Why the rise in migrants crossing the English Channel?
On Christmas Day, 40 people in five separate groups reached British shores after a journey by boat across the English Channel. On Thursday, another 23 were found, the Press Association reported. Then, on Friday, two more boats carrying another 12 people — 11 of them Iranian — were intercepted off the coast of Dover.
Their attempts are not unique — the number of migrants attempting to reach the UK by boat has grown over the past several months.
The spike over the Christmas period is “deeply concerning,” the UK Immigration Minister Caroline Nokes said. “Some of this is clearly facilitated by organized crime groups, while other attempts appear to be opportunistic,” she added, stressing the dangers faced by those attempting to traverse the one of the world’s busiest shipping lanes.
In a statement on Friday, UK Home Secretary Sajid Javid declared the migrant crossings a “major incident” and “asked for an urgent call with his French counterpart over the weekend to reaffirm the continuing need for the UK and France to work closely together to tackle the problem.”
For many migrants and smugglers, however, the Christmas period is seen as perhaps the most inviting window to reach Britain all year.
“Smugglers are making calculations — and maybe they’re foolish calculations — that borders are less well policed at this time of year,” Leonard Doyle, spokesman for the International Organization for Migration, told CNN.
This week’s rise in activity across the Channel also reflects the dwindling options facing migrants who hope to make their way to Britain.
Until now, migrants sought to smuggle themselves aboard the trucks that regularly cross the Channel on ferries or by rail from France. But this, they say, has become more expensive, with people-smugglers charging thousands of euros for each attempt.
“The UK has invested a lot of money in protecting the lorry routes” from migrants crossing from France, said Nando Sigona, an associate professor in international migration at the University of Birmingham. “That route has probably been sealed off, or made more difficult to pursue.”
“This is the other option,” he told CNN. “No other alternative is available at the moment … once it becomes visible that it is possible to take this route, others will follow.”
Many of the migrants attempting the crossing over the past several months told UK authorities they came from Iran.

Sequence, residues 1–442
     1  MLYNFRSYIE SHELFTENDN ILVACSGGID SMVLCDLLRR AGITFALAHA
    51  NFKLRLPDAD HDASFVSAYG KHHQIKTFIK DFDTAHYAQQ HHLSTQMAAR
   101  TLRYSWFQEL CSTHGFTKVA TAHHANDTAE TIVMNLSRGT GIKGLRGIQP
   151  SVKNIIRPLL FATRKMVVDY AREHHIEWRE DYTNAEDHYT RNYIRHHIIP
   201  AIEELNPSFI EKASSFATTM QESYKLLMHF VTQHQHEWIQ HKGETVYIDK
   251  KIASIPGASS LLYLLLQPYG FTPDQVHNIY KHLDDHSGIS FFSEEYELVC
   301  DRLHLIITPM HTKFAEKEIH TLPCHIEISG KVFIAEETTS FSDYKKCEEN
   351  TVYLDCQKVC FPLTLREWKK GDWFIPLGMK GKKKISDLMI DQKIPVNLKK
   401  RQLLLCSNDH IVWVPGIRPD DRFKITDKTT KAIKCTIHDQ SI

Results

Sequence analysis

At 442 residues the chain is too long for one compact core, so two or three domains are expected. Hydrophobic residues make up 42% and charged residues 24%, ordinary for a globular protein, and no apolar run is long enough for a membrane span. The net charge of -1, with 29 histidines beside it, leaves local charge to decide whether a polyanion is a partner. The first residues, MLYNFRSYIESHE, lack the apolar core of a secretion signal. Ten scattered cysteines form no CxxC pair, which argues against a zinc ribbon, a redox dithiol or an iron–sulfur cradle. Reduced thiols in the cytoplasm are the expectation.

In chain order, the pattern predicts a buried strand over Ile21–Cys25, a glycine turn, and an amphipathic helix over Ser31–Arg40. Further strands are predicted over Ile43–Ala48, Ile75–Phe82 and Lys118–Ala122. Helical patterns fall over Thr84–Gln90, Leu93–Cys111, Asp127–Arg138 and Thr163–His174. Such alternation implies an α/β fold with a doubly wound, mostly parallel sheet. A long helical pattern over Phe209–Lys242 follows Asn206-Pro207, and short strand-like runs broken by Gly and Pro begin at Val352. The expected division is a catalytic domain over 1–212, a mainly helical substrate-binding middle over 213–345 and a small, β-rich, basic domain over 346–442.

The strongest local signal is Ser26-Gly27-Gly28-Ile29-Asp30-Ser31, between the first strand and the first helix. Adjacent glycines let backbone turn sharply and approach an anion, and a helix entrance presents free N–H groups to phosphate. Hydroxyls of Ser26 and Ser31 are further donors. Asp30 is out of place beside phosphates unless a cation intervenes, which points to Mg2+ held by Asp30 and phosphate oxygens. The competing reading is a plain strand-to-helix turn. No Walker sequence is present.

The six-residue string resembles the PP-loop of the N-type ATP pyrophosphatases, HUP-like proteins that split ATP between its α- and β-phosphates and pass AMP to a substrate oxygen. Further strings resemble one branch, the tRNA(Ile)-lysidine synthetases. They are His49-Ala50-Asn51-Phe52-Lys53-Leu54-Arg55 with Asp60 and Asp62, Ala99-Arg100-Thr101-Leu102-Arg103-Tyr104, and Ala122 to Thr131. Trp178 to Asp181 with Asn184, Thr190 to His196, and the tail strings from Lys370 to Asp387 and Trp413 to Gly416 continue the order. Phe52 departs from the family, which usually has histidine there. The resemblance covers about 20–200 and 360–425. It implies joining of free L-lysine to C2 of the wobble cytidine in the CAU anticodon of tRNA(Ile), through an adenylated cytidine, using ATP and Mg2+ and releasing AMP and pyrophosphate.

British government figures show that once they get to the UK, Iranians do stand a relatively good chance of being granted asylum. Of 2,500 requests by Iranians in 2017, more than 1,000 were successful. This compares with just over 200 successful requests by Iraqis out of 2,300 applications over the same period.
Economic hardships and political persecution in Iran are undoubtedly creating a “push factor” to leave the country, Sigona said, noting the effect of re-imposed US sanctions on an already faltering Iranian economy.
“You can see people starting to leave the country because of the increase in unemployment, especially among young men,” he said.
Fears over Brexit could also be at play, experts said. The looming specter of Britain’s withdrawal from the European Union on March 29, and the uncertainty it’s creating, may be giving people smugglers an avenue to exploit.
“If people think the borders are going to change, [the smugglers] could be telling people that as a way of getting them to prop up the money,” Doyle, the IOM spokesman, said, which could create a belief that this is the “last chance to get through.”
“That doesn’t mean there is going to be a change — but that’s how people are exploited,” he added. “These people have quite often never been in a boat before, so they don’t know what it means. They’re offered a way [across] and they take it.”
Hadi, a 32-year-old Iranian migrant living in the northern French coastal city of Dunkirk, told CNN earlier this month that “once the UK has left Europe,” he expects the crossing to get harder, “with more policemen.”
Success breeds imitation
And if Brexit provides a ticking clock for those wishing to migrate, anti-migrant sentiment in Europe only accelerates it, according to Sigona.
“A lot of people we are seeing arriving were already in Europe,” Sigona said. “They see gradually the closure of EU states to the people who arrived in 2015, and 2016, and 2017. So they believe this is the only opportunity to reach the UK, which for some of them is the preferred destination.”
A number of European countries have closed their ports to migrants in recent years — including Italy, whose hardline Interior Minister Matteo Salvini made the move in June. “Italian ports are CLOSED!” Salvini tweeted last week after rejecting a request to dock in Italy by a charity rescue ship carrying more than 300 migrants. “For the traffickers of human beings and for those who help them, the good times are over,” he added.
As the number of migrants crossing the English Channel grows, so will the “element of imitation,” Sigona said. “If it works then word spreads around … people start to be channeled towards certain routes because it seems to be working.”
“What will be more interesting will be what happens in the spring and summer,” he added, predicting more attempts to traverse the perilous waters than in previous years — and warning: “it’s more likely that there will be a deadly incident.”